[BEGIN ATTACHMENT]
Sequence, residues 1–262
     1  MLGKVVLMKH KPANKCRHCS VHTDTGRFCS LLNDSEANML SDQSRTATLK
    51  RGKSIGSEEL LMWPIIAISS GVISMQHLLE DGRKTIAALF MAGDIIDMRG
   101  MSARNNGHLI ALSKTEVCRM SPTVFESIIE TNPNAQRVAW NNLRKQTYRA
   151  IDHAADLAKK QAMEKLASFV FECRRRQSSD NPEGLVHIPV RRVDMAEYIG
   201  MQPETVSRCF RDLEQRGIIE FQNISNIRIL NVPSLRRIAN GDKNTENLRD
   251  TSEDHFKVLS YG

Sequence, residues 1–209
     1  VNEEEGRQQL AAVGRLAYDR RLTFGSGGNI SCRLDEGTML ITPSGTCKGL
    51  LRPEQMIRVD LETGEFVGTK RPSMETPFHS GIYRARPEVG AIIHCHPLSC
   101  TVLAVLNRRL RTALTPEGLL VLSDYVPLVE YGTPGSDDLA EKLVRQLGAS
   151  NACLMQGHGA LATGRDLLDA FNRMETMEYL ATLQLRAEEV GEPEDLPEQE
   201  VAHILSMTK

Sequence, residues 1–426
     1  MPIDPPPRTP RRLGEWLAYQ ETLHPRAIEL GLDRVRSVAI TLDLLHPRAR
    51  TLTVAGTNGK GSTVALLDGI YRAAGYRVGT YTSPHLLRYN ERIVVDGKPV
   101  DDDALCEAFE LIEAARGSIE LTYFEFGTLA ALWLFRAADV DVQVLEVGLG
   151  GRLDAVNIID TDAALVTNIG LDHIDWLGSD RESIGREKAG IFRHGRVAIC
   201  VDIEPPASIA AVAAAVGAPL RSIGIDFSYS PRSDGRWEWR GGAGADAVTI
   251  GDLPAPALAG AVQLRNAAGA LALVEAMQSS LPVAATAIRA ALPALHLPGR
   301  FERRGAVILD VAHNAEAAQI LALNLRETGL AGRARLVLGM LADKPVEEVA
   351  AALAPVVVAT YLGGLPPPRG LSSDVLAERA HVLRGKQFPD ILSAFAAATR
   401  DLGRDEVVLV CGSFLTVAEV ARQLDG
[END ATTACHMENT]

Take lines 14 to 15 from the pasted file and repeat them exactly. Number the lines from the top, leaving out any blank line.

Sequence, residues 1–426
     1  MPIDPPPRTP RRLGEWLAYQ ETLHPRAIEL GLDRVRSVAI TLDLLHPRAR